IIS provides a number of different authentication techniques.  One of which is Integrated Windows Authentication.  Integrated Windows Authentication utilizes Negotiate/Kerberos or NTLM to authenticate users based on an encrypted ticket/message passed between a browser and a server.

The preceding image shows a standard communication flow between Internet Explorer and IIS version 6+. The initial request from Internet Explorer typically uses Anonymous as the authentication method.  For this example it is assumed that IIS disables Anonymous Authentication and enables Integrated Windows Authentication to include the Negotiate and NTLM providers.  Considering those assumptions, when IIS receives an Anonymous request from Internet Explorer, a 401.2.x message is returned along with the authentication providers IIS is configured to accept.

Internet Explorer reads the supported authentication providers in the response header from IIS and determines which provider to use.  To configure Internet Explorer to use Integrated Windows Authentication select the Tools menu item of Internet Explorer click on the Advanced tab and you will find a checkbox similar to the below:

When the checkbox is unchecked, Internet Explorer will use the NTLM authentication provider.  Internet Explorer will return the authentication provider it wants to use along with the encrypted security message.  You will notice when in comparison to Negotiate, there is an additional GET and response happening between the browser and the web server.  This is simply a requirement when using this provider.  NTLM is designed in a way that requires 2 more actions before a user is authenticated.  Ultimately, once the browser has sent 2 NTLM messages to the server, IIS then authenticates the users’ credentials, and if successful, return a 200.0.0 message.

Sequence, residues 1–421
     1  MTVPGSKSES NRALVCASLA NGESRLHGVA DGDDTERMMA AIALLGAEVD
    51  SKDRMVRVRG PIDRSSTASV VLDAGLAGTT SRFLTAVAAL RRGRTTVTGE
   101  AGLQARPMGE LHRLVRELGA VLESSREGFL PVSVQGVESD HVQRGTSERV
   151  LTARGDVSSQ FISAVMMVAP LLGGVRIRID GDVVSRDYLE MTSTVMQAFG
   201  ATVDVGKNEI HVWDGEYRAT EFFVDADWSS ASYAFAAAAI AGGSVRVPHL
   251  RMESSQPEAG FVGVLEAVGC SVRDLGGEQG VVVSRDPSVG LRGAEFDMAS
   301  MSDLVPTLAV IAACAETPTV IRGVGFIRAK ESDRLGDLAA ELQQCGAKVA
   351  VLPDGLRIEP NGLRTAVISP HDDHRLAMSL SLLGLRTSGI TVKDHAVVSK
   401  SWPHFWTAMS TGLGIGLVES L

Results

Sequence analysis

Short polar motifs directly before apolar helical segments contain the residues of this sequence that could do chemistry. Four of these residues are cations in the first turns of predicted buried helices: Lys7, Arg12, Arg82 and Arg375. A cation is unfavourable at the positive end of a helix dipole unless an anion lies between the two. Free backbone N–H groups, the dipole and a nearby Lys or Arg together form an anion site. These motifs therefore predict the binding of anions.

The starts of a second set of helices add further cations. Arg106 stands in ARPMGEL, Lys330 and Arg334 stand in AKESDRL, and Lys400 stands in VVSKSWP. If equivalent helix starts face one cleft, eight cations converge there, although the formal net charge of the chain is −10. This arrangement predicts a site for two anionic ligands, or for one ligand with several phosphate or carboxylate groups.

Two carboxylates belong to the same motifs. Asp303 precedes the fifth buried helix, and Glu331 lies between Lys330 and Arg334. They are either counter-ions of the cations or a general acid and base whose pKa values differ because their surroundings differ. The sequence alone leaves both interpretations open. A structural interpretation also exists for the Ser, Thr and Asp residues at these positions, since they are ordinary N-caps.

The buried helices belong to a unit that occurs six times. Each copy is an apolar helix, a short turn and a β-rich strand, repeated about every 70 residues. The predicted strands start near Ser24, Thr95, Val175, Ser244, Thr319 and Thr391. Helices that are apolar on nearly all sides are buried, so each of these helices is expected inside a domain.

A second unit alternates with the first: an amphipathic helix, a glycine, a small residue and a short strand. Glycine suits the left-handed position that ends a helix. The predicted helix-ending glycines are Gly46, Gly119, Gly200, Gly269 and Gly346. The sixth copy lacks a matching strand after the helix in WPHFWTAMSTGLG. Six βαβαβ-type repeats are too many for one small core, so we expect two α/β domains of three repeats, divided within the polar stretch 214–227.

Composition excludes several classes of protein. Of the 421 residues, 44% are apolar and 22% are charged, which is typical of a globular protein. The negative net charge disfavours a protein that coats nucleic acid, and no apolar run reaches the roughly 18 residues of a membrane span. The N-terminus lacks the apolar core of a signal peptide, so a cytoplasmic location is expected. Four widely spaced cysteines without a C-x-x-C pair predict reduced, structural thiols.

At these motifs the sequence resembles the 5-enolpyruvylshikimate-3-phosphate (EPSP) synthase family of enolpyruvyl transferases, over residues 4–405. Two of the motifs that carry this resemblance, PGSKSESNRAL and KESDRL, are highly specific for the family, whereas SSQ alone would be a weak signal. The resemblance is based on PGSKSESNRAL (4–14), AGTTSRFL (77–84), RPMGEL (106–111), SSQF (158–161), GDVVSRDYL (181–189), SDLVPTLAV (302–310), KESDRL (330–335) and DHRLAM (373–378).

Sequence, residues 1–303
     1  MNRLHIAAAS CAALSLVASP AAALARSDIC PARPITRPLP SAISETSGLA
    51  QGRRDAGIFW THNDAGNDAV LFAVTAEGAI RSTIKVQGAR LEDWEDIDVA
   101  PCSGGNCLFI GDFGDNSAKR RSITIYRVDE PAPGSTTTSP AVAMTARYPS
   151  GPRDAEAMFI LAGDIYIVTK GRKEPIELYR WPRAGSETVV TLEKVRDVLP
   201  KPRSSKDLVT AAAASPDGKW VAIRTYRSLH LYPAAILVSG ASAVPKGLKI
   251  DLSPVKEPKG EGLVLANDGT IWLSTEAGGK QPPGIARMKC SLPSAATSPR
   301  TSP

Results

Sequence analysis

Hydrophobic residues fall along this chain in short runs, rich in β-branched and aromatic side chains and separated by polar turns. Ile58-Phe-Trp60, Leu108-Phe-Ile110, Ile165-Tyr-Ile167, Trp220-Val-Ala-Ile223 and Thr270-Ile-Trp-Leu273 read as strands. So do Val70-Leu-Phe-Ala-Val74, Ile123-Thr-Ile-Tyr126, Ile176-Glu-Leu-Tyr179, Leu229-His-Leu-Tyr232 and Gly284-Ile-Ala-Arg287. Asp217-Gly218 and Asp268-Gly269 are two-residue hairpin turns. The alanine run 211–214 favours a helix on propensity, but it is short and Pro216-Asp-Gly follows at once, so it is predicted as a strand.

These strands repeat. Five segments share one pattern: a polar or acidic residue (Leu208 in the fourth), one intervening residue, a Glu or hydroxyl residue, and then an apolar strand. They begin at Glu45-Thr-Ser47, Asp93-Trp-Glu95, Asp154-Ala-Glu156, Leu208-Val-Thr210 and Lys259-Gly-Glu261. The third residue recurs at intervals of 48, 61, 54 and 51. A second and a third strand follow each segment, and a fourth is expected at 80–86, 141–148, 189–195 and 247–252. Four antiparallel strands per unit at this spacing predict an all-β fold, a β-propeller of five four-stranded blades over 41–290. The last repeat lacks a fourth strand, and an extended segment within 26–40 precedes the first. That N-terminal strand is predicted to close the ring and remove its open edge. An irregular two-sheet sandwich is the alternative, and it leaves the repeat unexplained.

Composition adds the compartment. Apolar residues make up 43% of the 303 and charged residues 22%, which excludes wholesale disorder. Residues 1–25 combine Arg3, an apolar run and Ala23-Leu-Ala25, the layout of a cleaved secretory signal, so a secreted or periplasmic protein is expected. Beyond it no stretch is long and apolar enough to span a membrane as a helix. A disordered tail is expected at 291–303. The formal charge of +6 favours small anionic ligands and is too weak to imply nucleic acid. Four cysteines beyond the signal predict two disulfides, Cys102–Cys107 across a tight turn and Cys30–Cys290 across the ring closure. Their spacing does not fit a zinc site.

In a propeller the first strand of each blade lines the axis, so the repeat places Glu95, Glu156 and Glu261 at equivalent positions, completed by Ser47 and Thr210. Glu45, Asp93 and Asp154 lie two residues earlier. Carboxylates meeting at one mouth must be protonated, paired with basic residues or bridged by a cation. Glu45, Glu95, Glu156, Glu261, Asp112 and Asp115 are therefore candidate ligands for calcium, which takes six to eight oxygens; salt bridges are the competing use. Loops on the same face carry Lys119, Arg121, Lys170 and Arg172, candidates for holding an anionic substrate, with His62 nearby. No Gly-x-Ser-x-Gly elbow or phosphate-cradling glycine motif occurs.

On a Windows Server R2 2008 using IIS 7.5 the configuration which utilizes only Integrate Windows Authentication resembles the following image.

To view the request and response headers of a web request you can use a tool named Fiddler.  The following image is a textual representation of the first image in this post.  Using Fiddler you can see that a request is made from a browser, a web server 401.2.x response is returned containing the supported/configured authentication providers (Negotiate and NTLM).  A request from the browser is sent containing the preferred authentication provider and a message.  This message, referred to in the first picture in this post as ‘NTLM Message (1)’, contains an encrypted hostname and domain name of the client.  Next, the server returns a 401.1.0 response with another message referred to as ‘NTLM Message (2) which contains the servers challenge.  Finally, the browser returns another message, ‘NTLM Message (3)’ which contains the response which the server uses to validate the credentials.  Once validated, the requested resource is provided along with a 200 OK status.